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Thursday, October 13, 2011
Cook: Hawaii Senate Race a toss-up
By Selected News Articles @ 7:06 PM :: 6554 Views :: Energy, Environment, National News, Ethics

From Cook Political Report Oct 13, 2011

Cook Senior Editor Jeff Duffy writes: The 23 Democratic-held Senate seats on the ballot next year provide Republicans with a target-rich environment of races in GOP-leaning and swing states. Solidly blue Hawaii should not be a likely candidate for a spot on that list of targets. But, Republicans have managed to recruit the one GOP candidate who can make this race competitive. And, with former Gov. Linda Lingle’s announcement this week that she would run for the seat being vacated by Democratic Sen. Dan Akaka, this race moves from the Solid Democratic column to Toss Up.

In her announcement and in a series of media interviews Tuesday, Lingle focused on the need to create jobs and work toward economic recovery. She is very cognizant that President Obama will be on the ballot and worked to strike a balance, saying that she has supported some of his policies and has opposed others. She does not believe that he has done enough, or the right things to improve the economy….In addition, Lingle also stressed that her time as Governor would serve her well in the Senate. She told an audience in August, “Governors bring a particularly different approach in the United States Senate than those people who have come just from the legislative side. … They are less ideological. They are more practical. They are more agenda driven. They are able to put forth something they’d like to achieve and then move to do it because as governor you have to. You can’t hide behind a lot of other people.” She added that bipartisanship is the only way to move the country forward. Finally, she was careful to praise Akaka for his service to the state, noting that he embodies the spirit of aloha.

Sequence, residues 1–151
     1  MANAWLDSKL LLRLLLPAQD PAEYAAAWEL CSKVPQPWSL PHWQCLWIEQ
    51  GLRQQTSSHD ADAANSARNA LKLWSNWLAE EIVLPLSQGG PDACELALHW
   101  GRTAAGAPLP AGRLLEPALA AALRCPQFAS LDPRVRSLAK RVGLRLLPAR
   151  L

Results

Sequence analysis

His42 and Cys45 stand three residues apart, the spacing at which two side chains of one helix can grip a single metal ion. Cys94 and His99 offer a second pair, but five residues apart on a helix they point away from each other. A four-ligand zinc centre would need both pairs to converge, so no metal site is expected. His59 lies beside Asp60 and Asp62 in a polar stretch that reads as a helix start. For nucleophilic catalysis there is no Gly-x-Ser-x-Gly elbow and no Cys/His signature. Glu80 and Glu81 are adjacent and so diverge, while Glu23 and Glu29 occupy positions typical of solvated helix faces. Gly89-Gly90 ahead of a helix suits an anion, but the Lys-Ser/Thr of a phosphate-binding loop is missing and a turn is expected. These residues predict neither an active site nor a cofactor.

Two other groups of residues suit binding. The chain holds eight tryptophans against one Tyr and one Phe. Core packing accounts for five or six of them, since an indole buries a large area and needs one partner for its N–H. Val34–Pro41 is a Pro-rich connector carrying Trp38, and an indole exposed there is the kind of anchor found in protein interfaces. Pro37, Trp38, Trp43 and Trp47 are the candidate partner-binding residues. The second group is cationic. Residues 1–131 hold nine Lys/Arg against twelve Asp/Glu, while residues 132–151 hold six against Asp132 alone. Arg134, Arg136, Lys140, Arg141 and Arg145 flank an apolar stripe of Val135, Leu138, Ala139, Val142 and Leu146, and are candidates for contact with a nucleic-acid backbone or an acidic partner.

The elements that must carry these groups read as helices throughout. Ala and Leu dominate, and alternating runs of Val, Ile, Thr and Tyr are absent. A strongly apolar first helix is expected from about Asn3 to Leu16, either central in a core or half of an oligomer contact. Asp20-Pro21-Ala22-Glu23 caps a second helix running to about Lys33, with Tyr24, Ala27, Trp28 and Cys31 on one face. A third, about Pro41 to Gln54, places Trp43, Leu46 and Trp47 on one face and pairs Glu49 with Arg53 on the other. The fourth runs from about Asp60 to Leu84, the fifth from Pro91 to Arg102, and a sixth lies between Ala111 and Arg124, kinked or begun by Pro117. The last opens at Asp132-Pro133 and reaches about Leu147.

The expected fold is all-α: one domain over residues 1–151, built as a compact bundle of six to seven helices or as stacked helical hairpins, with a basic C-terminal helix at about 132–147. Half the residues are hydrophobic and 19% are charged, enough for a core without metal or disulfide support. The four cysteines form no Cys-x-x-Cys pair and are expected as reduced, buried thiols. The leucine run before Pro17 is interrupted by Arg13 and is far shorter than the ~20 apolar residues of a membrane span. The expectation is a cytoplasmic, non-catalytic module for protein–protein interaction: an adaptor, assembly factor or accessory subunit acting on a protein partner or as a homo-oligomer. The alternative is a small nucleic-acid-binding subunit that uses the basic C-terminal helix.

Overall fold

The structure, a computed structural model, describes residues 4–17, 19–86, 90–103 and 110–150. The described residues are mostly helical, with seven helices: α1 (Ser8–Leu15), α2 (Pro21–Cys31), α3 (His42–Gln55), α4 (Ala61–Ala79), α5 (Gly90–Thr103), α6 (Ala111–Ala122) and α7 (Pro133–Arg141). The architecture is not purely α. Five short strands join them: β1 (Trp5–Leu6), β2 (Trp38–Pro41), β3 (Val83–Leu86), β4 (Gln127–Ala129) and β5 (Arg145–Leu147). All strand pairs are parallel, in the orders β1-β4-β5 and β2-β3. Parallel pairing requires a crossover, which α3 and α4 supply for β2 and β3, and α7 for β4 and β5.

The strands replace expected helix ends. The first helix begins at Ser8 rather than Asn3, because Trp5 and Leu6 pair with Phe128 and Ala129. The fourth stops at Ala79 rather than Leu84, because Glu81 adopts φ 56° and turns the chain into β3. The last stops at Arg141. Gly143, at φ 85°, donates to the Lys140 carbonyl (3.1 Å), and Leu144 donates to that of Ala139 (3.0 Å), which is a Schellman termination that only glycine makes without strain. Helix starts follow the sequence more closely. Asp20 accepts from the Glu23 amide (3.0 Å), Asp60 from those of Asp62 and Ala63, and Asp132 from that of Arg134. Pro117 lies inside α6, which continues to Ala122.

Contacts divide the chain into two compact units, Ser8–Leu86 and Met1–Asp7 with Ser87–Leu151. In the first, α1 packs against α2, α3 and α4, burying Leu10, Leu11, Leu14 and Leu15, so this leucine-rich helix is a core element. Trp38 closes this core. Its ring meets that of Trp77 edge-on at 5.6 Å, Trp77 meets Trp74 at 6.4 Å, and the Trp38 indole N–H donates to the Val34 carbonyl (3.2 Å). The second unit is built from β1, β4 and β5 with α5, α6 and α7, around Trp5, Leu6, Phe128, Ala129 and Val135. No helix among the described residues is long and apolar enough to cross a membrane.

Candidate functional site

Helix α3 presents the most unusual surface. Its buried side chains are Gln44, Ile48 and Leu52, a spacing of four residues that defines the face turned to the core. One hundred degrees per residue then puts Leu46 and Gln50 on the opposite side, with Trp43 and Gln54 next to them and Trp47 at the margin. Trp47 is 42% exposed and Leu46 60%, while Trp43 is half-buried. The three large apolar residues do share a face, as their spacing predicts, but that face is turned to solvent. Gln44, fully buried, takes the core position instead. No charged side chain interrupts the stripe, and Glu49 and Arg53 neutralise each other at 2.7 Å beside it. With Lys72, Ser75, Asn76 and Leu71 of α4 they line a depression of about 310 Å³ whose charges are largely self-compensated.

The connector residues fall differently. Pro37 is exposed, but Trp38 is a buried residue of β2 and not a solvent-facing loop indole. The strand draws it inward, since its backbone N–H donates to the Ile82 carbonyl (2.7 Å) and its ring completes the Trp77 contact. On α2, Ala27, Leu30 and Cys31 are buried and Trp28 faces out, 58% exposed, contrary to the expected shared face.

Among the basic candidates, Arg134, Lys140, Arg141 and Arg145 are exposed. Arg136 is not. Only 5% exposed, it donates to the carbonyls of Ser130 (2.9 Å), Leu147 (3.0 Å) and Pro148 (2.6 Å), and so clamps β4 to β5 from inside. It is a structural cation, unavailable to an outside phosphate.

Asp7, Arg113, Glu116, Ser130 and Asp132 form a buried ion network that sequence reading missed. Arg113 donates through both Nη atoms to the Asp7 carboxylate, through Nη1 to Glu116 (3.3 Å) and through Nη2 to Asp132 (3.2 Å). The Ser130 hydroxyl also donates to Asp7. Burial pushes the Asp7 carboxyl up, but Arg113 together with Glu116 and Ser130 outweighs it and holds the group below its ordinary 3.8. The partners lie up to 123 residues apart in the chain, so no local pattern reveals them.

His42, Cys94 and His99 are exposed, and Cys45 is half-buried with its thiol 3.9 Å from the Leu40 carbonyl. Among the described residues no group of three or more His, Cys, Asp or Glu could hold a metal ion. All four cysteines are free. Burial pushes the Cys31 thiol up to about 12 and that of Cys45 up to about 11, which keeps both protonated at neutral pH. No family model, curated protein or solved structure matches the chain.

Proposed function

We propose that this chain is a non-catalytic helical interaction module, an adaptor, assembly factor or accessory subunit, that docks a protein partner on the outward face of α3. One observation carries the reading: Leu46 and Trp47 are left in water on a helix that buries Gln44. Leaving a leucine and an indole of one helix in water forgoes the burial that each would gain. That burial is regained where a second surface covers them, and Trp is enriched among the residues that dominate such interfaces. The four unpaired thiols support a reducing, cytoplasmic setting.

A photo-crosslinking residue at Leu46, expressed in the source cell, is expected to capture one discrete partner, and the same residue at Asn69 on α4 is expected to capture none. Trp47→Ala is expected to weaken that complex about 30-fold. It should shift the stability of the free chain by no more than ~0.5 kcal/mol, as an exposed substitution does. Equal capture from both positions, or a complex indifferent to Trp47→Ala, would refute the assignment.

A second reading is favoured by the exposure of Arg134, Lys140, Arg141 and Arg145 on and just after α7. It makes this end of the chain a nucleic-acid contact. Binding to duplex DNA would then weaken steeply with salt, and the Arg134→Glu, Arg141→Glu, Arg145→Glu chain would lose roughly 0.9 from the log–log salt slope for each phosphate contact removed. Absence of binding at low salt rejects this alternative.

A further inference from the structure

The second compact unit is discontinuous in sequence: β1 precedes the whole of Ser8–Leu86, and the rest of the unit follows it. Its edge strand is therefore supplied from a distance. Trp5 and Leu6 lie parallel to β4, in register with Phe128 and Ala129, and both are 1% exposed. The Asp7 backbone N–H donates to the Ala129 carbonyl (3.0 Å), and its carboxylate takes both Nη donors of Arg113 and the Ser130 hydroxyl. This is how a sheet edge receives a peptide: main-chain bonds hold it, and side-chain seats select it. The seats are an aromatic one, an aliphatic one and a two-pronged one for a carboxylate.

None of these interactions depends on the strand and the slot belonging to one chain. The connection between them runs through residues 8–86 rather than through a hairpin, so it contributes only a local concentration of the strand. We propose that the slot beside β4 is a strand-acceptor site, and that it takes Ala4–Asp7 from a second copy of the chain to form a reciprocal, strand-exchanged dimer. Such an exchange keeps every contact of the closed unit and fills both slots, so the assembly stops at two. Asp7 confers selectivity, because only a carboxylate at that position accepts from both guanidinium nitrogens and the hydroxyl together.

A Case-Hirono race will be one of contrasts that will pit Case’s more moderate views against Hirono’s more liberal positions and voting record. Case is also making an electability argument, pointing out that Hirono has already lost to Lingle once and her candidacy offers voters little more than the status quo. He argues that if voters want change, they are more likely to vote for Lingle if Hirono is the Democratic nominee. Based on recent history, the primary will be a hard-fought affair. A Ward Research poll (May 4-10 of 403 likely Democratic primary voters) showed a statistical tie with Case ahead of Hirono, 26 percent to 25 percent. ….While Democrats would undoubtedly prefer to anoint a nominee, nothing suggests that Case can be coaxed into dropping his bid. The fact that Hawaii holds its primary late in the cycle – it will be on August 11 next year – means that the nominee will have little time to regroup for the general election.

While Lingle’s numbers aren’t stellar in either survey, they also don’t reflect the reality of where this race is headed. Just about every two-term Governor leaves office much less popular than they were in their first term. Given the economic downturn, it’s not surprising that Lingle’s numbers have taken a significant hit. At the same time, nearly all former Governors recover in voters’ eyes, and we suspect that Lingle will as well.

All in all, Lingle is a solid campaigner and fundraiser with a record of accomplishment on which to run. She is the best candidate that Republicans could possibly hope for in a race in a solidly Democratic state. Whether she can overcome the challenges of running in a presidential year isn’t yet clear, but she will make this a race that Democrats hadn’t counted on having.


Political Radar: Toss Up


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